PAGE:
Warrior Care In Iraq Has Led To Medical Advances

Warrior Care In Iraq Has Led To Medical Advances
March 23rd, 2009  
Team Infidel

Topic: Warrior Care In Iraq Has Led To Medical Advances

Warrior Care In Iraq Has Led To Medical Advances
March 22, 2009

CNN Newsroom, 4:00 PM
FREDRICKA WHITFIELD: The next time you head to an emergency room, the care you receive may be due to medical breakthroughs made possible by the war in Iraq. CNN's Nic Robertson shows us what doctors are learning from this war's wounded.
LT. COL. TERESA RYAN, U.S. AIR FORCE: Yes, this is a volunteer, and he has the infrared camera set up here.
NIC ROBERTSON: This device -- this infrared? An infrared camera that can save soldiers' lives, installed barely two weeks ago.
RYAN: Go ahead, and we're going to reduce the circulation in one leg.
ROBERTSON: We are being shown cutting-edge research at the United States' foremost military hospital in Iraq, Joint Base Balad.
RYAN: The leg is getting darker.
ROBERTSON: Already, this equipment is being used on wounded troops to detect body temperature, helping protect against potentially fatal compartment syndrome.
RYAN: If it's not treated, not detected, it could lead to an amputation, and, of course, an amputation always increases the risk of death.
ROBERTSON: New techniques are necessary, doctors say, because troops are surviving attacks far better than any previous conflict.
MAJ. JOSEPH DUBOSE, U.S. AIR FORCE: Many of the injuries that we are seeing now patients previously would not have survived in the age prior to our current.
ROBERTSON: Survival at this hospital is 98 percent. And all treatments are being overturned. Tourniquets to stop bleeding once frowned upon are the new standard.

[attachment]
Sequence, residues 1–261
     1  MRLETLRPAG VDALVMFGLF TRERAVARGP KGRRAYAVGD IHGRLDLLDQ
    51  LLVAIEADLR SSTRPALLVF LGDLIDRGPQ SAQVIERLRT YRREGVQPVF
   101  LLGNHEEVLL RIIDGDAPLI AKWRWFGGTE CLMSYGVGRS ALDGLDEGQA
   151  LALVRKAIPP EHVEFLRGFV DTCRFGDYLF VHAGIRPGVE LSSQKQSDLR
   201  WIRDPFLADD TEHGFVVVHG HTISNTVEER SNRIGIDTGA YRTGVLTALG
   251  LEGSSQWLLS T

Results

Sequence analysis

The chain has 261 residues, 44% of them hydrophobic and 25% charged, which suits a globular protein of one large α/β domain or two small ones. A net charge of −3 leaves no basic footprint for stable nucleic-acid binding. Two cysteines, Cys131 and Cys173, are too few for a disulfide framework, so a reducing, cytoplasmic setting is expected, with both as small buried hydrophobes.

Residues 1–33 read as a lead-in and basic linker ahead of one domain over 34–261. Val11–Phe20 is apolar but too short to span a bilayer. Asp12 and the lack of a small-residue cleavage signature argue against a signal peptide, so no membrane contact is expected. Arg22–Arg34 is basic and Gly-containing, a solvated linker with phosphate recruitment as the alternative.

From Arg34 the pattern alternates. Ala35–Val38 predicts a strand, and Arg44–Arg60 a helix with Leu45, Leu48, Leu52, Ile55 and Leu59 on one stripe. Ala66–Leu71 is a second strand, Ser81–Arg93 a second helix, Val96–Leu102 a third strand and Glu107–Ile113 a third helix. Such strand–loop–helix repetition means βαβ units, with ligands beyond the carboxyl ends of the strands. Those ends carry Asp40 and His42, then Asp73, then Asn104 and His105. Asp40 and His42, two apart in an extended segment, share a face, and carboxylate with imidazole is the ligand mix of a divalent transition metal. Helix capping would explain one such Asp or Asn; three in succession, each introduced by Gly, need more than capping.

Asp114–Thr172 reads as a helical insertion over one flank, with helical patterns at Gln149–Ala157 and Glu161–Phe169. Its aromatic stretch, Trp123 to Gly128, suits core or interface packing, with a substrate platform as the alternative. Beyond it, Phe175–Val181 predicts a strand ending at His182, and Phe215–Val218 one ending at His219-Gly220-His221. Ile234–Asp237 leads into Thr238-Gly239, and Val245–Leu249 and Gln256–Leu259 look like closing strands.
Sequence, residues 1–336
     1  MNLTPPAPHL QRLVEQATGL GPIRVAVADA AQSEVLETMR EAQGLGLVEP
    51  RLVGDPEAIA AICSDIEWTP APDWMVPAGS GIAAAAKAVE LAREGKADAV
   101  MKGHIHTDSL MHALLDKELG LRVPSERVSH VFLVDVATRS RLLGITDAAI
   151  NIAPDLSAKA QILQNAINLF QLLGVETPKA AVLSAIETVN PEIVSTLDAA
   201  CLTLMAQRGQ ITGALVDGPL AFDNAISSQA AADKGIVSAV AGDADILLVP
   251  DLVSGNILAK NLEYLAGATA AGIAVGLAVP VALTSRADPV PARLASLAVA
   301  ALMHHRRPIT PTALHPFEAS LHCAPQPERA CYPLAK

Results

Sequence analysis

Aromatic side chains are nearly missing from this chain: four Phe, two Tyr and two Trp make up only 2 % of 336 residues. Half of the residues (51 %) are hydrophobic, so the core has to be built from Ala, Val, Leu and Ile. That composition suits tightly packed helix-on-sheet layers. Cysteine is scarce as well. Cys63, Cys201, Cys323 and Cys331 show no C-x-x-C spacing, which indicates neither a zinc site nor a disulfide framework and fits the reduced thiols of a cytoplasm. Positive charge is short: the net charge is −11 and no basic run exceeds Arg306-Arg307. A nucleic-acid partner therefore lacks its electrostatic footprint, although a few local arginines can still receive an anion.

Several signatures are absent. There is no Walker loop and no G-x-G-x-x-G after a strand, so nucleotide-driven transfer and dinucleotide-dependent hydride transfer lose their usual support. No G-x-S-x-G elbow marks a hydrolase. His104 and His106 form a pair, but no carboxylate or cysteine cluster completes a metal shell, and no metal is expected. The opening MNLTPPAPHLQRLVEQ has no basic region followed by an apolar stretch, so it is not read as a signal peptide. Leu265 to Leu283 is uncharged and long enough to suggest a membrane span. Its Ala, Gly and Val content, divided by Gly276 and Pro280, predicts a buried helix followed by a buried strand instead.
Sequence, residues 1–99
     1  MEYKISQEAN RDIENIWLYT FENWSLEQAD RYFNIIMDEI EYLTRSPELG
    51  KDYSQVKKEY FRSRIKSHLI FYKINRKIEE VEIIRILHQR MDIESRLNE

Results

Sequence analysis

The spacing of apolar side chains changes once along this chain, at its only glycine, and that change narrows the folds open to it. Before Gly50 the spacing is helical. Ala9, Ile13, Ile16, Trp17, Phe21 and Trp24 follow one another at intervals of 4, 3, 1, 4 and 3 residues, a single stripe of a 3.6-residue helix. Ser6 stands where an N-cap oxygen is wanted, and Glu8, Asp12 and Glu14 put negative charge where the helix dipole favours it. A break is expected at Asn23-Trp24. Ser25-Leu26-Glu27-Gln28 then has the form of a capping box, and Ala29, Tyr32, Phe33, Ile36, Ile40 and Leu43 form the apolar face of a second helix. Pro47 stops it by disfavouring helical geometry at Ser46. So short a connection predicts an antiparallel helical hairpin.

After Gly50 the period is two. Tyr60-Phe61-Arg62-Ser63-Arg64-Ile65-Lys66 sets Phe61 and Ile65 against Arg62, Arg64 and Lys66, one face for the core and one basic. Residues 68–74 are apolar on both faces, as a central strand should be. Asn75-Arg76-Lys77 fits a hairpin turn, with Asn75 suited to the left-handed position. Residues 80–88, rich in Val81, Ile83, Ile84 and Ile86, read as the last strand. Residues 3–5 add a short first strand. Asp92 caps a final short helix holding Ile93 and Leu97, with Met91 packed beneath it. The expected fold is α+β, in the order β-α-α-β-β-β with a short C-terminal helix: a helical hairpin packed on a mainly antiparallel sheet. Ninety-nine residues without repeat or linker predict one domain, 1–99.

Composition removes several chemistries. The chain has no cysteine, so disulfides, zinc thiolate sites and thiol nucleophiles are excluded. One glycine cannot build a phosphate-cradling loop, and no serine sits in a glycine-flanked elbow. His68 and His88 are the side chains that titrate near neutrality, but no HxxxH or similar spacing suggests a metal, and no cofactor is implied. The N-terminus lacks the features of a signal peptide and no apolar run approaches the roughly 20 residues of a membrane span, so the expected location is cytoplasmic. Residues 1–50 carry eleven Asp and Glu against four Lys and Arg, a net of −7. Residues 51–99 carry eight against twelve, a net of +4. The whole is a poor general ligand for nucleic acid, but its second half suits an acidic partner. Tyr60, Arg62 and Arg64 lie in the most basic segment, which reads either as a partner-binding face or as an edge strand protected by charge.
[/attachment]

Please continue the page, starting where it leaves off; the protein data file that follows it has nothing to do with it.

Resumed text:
UNIDENTIFIED MALE: The fast transport times that people have these days, they're not going to lose that limb. But what we are going to do is prevent them from bleeding to death.
ROBERTSON: Some discoveries have been accidental. In the early days of the war, they didn't have enough blood supplies to treat casualties.
DUBOSE: We call them walking blood banks. Literally, we would call active duty service members to the blood bank to donate blood based on their blood type to the casualties. And we witnessed these patients had fairly good outcomes.
ROBERTSON: These doctors say the success of fresh, whole blood led to new transfusion techniques now adopted by civilians back home.
COL. LIZ BRIDGES, U.S. AIR FORCE: Here we're already starting to see that. For example, the one to one to one blood transfusion therapies that we're doing with our mass casualties, most critically injured, that's being transferred into the civilian literature.
ROBERTSON: What doctors and nurses here are discovering is that the suffering of all the service men and women they care for is adding up to more than individual recoveries; it's also life-saving hope to countless others. But doctors fear the hard-worn lessons of Iraq will be severely tested in Afghanistan, where the battlefields are more rugged and remote.
(UNIDENTIFIED MALE): We're going to need to come up with a way to transport injured soldiers quickly to some type of major care facility. And that is going to be a problem in Afghanistan.
ROBERTSON: Their worries may be well-founded. Doctors in Balad report their casualties have dropped six fold, and casualties in Afghanistan are showing no signs of slowing.
Nic Robertson, CNN, Balad, Iraq. (END VIDEO CLIP)

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